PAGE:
Mormon force at five hundred or six hundred was a great

exaggeration, and that the only artillery they had was six pieces

which they fashioned for themselves, by breaking some steamboat

shafts to the proper length and boring them out so that they

would receive a six-pound shot.



When Clifford's reply was received, the commander of the Antis

sent out the Warsaw riflemen as flankers on the right and left;

directed the Lima Guards, with one cannon, to take a position a

mile to the front of the camp and occupy the attention of the men

behind the Mormon breastwork, who had opened fire; and then

marched the main body through a cornfield and orchard to the city

itself. Both sides kept up an artillery fire while the advance

was taking place.



When the Antis reached the settled part of the city, the firing

became general, but was of an independent character. The Mormons

in most cases fired from their houses, while the Antis found such

shelter as they could in a cornfield and along a worm fence.

After about an hour of such fighting, Brockman, discovering that

all of the sixty-one cannon balls with which he had provided

himself had been shot away, decided that it was perilous "to risk

a further advance without these necessary instruments."

Accordingly, he ordered a retreat and his whole force returned to

its camp. In this engagement no Antis were killed, and the

surgeon's list named only eight wounded, one of whom died. Three

citizens of Nauvoo were killed. The Mormons had the better

protection in their houses, but the other side made rather

effective use of their artillery.



The Antis began at once intrenching their camp, and sent to

Quincy for ammunition. There were some exchanges of shots on

Sunday and Monday, and three Antis were wounded on the latter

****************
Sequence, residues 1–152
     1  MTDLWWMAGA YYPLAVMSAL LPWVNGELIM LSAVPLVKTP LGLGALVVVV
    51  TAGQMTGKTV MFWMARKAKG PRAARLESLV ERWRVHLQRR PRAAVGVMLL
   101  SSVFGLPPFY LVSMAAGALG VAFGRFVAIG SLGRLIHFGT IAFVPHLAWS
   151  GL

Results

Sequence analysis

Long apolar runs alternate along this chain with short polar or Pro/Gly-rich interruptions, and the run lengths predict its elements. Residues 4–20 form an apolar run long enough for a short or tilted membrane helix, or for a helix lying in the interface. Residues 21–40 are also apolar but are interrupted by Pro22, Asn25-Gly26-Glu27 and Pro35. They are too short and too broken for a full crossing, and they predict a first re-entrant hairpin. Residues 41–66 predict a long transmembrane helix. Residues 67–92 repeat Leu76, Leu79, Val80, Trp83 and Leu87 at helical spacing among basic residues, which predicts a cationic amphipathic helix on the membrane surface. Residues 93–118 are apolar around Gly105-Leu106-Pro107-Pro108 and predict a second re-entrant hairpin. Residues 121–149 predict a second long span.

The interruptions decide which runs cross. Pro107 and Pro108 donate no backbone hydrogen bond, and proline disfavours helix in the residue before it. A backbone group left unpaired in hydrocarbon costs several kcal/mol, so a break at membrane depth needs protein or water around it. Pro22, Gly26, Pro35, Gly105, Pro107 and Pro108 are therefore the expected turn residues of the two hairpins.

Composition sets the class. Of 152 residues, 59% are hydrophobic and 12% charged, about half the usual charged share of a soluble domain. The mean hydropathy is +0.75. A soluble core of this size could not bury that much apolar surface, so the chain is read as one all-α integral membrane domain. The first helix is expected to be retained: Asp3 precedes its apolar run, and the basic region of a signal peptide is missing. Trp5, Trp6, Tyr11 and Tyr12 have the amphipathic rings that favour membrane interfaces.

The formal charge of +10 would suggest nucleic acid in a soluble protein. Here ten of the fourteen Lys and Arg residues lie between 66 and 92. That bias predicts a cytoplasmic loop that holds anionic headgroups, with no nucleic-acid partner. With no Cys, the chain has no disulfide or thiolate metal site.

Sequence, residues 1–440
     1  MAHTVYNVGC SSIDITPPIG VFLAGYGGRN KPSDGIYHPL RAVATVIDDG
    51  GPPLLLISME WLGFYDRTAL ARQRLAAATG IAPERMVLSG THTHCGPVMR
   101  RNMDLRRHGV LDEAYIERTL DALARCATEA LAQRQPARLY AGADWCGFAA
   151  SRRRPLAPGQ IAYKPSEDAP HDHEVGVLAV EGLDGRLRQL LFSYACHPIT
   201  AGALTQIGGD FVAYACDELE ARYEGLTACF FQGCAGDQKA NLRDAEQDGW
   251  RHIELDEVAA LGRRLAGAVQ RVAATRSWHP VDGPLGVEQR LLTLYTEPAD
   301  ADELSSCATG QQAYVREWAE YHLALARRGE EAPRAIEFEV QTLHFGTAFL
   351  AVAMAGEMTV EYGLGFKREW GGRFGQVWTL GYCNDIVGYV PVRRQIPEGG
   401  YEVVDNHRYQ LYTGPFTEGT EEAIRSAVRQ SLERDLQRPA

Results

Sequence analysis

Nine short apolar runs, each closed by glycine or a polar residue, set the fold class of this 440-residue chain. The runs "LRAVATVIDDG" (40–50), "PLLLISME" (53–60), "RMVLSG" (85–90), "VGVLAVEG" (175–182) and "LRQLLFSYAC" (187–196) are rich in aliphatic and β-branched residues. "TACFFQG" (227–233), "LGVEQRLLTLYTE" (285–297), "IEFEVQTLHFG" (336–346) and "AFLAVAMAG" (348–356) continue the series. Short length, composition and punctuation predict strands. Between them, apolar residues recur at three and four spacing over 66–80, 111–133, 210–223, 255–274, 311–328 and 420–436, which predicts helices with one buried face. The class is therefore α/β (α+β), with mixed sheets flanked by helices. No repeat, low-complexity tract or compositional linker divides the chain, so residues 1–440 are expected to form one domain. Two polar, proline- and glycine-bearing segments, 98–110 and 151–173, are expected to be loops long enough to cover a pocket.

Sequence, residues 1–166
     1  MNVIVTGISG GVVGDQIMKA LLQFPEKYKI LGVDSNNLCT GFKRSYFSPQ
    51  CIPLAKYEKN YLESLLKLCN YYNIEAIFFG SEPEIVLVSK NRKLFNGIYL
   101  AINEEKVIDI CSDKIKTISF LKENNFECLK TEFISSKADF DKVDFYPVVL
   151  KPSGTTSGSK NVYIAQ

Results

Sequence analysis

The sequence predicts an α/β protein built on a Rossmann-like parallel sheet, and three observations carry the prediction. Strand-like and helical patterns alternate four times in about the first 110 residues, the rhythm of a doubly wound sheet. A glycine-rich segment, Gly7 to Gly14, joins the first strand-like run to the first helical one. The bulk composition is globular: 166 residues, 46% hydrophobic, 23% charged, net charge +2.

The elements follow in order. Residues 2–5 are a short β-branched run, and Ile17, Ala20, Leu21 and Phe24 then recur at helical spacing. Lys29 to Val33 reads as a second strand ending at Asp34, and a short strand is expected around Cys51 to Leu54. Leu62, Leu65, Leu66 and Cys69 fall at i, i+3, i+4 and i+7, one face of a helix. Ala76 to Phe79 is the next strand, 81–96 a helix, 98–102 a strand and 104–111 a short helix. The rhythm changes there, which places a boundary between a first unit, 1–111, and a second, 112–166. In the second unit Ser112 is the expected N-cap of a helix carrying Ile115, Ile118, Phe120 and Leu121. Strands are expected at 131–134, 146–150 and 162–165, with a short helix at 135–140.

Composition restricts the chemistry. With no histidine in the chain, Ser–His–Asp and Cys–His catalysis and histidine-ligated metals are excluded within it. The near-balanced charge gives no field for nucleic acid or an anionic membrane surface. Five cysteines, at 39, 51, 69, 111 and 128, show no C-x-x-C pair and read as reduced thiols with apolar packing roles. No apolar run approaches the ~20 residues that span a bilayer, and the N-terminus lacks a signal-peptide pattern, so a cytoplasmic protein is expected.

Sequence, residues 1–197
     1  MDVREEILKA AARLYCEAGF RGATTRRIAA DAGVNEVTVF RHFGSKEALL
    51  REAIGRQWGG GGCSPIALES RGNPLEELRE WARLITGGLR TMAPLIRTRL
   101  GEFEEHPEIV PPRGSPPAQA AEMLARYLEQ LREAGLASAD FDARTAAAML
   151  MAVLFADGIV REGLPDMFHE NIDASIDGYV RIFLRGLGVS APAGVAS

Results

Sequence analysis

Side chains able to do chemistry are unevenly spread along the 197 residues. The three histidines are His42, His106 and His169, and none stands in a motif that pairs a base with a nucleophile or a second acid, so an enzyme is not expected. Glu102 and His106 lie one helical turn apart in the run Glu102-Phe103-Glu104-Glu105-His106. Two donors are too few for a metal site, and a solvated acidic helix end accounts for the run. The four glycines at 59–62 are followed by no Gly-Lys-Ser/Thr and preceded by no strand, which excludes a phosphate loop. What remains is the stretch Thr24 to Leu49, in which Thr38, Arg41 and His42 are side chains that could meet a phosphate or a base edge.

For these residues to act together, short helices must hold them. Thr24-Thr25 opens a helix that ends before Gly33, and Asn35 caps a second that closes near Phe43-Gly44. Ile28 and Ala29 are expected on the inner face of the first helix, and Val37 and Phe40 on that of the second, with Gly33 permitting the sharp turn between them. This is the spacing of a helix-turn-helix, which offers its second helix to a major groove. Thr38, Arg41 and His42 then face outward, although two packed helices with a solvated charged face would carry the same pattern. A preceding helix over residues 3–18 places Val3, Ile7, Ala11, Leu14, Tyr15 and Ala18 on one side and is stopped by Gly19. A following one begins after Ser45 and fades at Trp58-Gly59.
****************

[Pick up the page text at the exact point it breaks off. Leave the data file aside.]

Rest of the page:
day.



Quincy responded promptly to the request for ammunition, but the

people of that town were by no means unanimously in favor of the

"war." On Sunday evening a meeting of the peaceably inclined

appointed a committee of one hundred to visit the scene of

hostilities and secure peace "on the basis of a removal of the

Mormons." The negotiations of this committee began on the

following Tuesday, and were continued, at times with apparent

hopelessness of success, until Wednesday evening, when terms of

peace were finally signed. It required the utmost effort of the

Quincy committee to induce the anti-Mormon force to delay an

assault on the city, which would have meant conflagration and

massacre. The terms of peace were as follows:



"1. The city of Nauvoo will surrender. The force of Col. Brockman

to enter and take possession of the city tomorrow, the 17th of

September, at 3 o'clock P.m.



"2. The arms to be delivered to the Quincy Committee, to be

returned on the crossing of the river.



"3. The Quincy Committee pledge themselves to use their influence

for the protection of persons and property from all violence; and

the officers of the camp and the men pledge themselves to protect

all persons and property from violence.



"4. The sick and helpless to be protected and treated with

humanity.



"5. The Mormon population of the city to leave the State, or

disperse, as soon as they can cross the river.



"6. Five men, including the trustees of the church, and five

clerks, with their families (William Pickett not one of the

number), to be permitted to remain in the city for the